The bougie festival in the Bahamas this past April became viral… but not for any of the good reasons. After paying thousands of dollars for an exclusive experience with DJs, musicians, gourmet food and accommodations, hundreds of attendees arrived at the venue to see a disastrously organized festival with little to no provisions, no exit plan, and no music.

The festival became the target of jokes for weeks after, especially in comparison to the hilariously bad food offerings and the less-than-stellar “tents” that had been erected for attendees.

Now, a little over two months later, Fyre Festival organizer Billy McFarland has been officially charged with wire fraud in an attempt to defraud investors.

The U.S. Attorney’s office for the Southern District of New York said McFarland induced at least two individuals to invest $1.2 million in two companies associated with the festival.

“McFarland promised a ‘life changing’ music festival but in actuality delivered a disaster,” acting Manhattan U.S. Attorney Joon Kim said in a statement. “McFarland allegedly presented fake documents to induce investors to put over a million dollars into his company and the fiasco called the Fyre Festival. Thanks to the investigative efforts of the F.B.I., McFarland will now have to answer for his crimes.”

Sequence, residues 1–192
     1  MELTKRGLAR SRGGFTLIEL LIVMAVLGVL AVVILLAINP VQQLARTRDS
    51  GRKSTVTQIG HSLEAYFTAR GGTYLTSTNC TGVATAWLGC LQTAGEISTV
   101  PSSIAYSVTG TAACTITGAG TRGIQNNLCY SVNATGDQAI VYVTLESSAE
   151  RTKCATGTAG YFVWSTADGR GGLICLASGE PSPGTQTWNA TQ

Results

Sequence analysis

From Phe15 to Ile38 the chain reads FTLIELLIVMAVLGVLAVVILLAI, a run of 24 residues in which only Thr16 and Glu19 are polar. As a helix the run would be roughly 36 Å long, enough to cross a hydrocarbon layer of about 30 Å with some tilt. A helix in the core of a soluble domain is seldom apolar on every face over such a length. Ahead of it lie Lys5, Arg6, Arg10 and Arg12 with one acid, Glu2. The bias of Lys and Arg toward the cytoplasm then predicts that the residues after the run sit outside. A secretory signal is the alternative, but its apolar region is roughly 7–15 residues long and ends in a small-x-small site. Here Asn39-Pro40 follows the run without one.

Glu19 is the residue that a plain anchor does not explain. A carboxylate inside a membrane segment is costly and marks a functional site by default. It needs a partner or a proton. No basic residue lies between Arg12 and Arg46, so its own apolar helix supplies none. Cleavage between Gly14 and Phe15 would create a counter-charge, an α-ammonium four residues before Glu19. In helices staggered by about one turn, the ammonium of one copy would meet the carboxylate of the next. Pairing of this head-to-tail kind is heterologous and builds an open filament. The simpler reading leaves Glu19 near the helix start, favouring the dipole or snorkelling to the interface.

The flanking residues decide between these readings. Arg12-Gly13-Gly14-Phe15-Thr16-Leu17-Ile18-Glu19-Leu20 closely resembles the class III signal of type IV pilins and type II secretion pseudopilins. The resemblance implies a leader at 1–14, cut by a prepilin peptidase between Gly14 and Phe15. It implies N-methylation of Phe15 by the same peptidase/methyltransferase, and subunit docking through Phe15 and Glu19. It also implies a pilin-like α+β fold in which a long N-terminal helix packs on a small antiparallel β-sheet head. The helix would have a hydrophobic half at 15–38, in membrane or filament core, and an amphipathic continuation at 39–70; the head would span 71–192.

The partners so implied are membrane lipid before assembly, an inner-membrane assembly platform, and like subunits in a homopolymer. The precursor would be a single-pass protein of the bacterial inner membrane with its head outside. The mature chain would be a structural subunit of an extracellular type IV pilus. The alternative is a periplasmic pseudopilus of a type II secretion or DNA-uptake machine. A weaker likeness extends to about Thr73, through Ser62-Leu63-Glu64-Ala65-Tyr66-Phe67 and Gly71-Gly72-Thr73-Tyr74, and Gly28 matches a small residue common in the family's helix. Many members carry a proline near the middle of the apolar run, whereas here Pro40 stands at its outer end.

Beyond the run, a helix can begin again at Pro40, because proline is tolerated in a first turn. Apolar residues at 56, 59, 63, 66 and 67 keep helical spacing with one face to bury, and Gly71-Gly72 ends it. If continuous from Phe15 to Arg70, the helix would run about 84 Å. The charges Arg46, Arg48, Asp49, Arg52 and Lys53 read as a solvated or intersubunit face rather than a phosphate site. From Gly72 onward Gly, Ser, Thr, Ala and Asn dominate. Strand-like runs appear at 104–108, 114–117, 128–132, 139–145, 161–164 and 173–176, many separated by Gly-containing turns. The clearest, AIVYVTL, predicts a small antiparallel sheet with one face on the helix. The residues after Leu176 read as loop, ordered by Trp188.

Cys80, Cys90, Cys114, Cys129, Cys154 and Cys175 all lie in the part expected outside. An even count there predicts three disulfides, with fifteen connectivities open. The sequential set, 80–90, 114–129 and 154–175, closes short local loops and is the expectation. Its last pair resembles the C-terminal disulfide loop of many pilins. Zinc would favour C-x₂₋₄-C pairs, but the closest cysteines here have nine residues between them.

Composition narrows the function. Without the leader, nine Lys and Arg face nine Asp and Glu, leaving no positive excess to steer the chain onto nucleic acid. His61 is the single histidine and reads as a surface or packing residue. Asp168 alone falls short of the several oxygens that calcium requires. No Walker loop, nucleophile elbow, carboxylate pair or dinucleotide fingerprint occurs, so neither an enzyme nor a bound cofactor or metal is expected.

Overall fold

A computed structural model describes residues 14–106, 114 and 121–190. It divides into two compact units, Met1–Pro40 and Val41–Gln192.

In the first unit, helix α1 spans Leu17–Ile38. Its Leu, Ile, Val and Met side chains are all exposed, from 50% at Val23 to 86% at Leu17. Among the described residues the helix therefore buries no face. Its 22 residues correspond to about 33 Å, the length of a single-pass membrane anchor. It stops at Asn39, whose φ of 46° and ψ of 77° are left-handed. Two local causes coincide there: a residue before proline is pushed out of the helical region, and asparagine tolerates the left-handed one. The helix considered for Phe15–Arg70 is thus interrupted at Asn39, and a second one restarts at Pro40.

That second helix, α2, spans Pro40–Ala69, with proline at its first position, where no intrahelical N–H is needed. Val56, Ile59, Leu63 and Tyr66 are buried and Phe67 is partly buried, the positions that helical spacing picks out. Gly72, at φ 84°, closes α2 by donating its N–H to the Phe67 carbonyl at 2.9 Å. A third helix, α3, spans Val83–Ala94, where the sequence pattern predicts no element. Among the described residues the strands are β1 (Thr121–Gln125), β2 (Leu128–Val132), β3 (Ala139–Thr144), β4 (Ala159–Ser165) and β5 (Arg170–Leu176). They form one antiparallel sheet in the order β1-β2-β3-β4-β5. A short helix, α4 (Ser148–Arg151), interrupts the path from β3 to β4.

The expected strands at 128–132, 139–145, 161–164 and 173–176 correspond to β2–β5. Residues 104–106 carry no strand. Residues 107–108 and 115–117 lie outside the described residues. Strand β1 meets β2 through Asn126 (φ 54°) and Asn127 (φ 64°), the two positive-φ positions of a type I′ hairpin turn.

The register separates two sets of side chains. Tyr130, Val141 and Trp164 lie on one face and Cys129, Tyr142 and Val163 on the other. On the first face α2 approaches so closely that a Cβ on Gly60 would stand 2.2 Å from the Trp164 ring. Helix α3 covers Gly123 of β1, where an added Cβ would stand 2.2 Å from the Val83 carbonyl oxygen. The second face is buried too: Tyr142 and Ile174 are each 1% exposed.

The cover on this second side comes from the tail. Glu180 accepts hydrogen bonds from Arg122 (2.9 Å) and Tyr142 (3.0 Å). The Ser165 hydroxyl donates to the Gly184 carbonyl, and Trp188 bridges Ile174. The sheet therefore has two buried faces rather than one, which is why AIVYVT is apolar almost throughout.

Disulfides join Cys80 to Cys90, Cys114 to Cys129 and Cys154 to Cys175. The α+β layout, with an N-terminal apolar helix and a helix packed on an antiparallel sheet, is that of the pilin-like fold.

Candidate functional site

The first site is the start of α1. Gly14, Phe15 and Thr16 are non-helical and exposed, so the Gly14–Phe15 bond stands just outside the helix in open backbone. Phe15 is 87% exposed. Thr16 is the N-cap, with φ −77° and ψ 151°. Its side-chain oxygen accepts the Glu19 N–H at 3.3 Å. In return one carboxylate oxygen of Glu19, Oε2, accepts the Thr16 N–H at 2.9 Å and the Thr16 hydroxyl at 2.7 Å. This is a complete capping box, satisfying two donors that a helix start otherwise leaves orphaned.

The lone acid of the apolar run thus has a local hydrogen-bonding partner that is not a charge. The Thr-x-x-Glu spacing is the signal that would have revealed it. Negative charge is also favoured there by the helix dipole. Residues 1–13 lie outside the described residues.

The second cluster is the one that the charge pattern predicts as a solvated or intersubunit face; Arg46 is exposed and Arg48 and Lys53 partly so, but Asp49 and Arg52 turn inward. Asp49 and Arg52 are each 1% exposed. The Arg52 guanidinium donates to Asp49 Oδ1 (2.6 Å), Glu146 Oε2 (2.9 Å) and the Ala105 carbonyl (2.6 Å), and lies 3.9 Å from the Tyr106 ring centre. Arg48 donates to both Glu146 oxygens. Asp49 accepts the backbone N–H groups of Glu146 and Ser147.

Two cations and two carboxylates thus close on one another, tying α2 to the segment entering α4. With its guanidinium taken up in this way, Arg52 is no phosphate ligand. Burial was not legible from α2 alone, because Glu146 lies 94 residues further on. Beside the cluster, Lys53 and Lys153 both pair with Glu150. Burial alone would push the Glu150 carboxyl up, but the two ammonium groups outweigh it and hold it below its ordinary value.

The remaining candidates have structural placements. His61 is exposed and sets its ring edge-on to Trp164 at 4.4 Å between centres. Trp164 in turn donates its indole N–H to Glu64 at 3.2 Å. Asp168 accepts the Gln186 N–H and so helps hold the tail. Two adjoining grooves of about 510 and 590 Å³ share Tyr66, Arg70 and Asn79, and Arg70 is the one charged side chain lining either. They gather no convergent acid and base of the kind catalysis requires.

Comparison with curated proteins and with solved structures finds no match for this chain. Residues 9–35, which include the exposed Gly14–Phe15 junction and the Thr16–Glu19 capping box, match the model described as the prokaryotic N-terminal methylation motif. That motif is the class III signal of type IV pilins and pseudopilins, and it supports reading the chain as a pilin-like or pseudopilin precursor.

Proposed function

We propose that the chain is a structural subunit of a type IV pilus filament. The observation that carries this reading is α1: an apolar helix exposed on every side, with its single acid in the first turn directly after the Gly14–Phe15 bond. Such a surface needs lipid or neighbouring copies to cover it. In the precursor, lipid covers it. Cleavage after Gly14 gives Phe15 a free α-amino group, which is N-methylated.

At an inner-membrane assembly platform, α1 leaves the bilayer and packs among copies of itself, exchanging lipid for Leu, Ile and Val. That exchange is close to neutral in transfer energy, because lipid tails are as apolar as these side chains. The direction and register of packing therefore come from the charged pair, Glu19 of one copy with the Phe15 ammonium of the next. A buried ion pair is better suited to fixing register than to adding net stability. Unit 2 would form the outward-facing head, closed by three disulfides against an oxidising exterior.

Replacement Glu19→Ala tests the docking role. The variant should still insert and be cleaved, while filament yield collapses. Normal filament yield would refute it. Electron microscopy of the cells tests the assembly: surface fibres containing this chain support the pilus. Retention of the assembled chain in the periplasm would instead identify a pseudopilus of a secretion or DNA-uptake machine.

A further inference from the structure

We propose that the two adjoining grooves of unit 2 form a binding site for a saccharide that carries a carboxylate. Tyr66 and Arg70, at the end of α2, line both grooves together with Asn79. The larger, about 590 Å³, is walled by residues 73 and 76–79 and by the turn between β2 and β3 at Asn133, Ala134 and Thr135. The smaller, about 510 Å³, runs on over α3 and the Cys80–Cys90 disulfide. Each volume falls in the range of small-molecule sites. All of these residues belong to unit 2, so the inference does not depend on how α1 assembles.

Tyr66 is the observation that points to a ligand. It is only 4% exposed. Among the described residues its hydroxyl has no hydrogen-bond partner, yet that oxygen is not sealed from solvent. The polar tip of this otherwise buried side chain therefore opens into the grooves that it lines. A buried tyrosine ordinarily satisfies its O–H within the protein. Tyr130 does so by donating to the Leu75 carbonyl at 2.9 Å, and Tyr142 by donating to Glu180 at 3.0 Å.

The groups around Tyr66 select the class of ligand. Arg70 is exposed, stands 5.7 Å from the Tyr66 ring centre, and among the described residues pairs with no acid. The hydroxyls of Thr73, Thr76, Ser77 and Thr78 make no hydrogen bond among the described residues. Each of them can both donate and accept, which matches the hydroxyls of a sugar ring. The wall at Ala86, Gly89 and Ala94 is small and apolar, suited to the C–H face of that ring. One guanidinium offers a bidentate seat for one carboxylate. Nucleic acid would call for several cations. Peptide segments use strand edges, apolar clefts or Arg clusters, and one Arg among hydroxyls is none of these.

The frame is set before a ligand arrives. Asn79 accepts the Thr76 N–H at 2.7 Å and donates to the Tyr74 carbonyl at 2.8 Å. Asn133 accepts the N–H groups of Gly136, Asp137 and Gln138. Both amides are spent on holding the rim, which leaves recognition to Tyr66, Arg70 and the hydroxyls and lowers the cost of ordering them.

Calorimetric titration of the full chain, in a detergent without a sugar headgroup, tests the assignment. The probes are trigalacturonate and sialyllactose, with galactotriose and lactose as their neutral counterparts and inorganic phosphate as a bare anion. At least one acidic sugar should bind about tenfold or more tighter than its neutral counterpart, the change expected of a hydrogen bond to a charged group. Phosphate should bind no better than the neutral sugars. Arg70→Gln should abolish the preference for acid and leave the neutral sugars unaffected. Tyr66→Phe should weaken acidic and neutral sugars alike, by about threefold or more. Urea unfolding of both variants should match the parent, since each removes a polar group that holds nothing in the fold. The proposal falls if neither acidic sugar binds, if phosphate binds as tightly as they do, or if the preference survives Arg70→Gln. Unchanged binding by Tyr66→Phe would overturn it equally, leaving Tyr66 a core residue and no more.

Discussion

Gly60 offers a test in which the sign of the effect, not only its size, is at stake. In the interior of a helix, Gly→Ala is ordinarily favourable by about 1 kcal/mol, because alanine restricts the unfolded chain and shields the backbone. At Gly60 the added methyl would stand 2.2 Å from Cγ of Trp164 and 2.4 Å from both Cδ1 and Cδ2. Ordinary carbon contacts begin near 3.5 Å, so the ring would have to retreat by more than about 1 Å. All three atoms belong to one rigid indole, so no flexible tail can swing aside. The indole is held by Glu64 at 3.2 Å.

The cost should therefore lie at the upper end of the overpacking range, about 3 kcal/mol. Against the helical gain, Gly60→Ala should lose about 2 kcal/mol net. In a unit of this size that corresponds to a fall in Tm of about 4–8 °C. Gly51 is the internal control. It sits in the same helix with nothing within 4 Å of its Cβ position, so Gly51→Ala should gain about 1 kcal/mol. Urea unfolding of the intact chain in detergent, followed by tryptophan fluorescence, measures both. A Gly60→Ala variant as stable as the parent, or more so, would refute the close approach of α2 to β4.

If convicted, McFarland could face up to 20 years in prison.

Ja Rule was not mentioned in the new charges.

However, more than a dozen other lawsuits alleging fraud, breach of contract and other claims have been filed as ticket-holders await refunds that have yet to arrive.

According to the LA Times, “Details of the case were provided via a criminal complaint that was unsealed on Friday. Among the claims was that McFarland, who had established the firm Fyre Media and its subsidiary Fyre Festival LLC, told investors Fyre Media had ‘earned millions of dollars of revenue from thousands of artist bookings from at least July 2016 until April 2017,’ according to the complaint.”

In the time period specified, Fyre Media, according to the complaint, had actually earned $57,443 in revenue.

McFarland was arrested in New York on Friday.


via LA Times